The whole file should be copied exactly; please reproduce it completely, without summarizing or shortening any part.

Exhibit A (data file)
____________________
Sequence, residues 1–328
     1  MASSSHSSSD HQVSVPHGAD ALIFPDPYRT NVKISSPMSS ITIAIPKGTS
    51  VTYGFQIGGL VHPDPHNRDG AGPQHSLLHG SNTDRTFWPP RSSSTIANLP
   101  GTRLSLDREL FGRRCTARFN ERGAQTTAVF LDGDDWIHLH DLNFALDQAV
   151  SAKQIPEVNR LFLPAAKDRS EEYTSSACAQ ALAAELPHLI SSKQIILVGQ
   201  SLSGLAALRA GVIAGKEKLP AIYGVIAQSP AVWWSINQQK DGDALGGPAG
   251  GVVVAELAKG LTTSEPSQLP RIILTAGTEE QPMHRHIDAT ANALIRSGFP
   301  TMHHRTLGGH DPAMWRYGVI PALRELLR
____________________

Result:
Sequence, residues 1–328
     1  MASSSHSSSD HQVSVPHGAD ALIFPDPYRT NVKISSPMSS ITIAIPKGTS
    51  VTYGFQIGGL VHPDPHNRDG AGPQHSLLHG SNTDRTFWPP RSSSTIANLP
   101  GTRLSLDREL FGRRCTARFN ERGAQTTAVF LDGDDWIHLH DLNFALDQAV
   151  SAKQIPEVNR LFLPAAKDRS EEYTSSACAQ ALAAELPHLI SSKQIILVGQ
   201  SLSGLAALRA GVIAGKEKLP AIYGVIAQSP AVWWSINQQK DGDALGGPAG
   251  GVVVAELAKG LTTSEPSQLP RIILTAGTEE QPMHRHIDAT ANALIRSGFP
   301  TMHHRTLGGH DPAMWRYGVI PALRELLR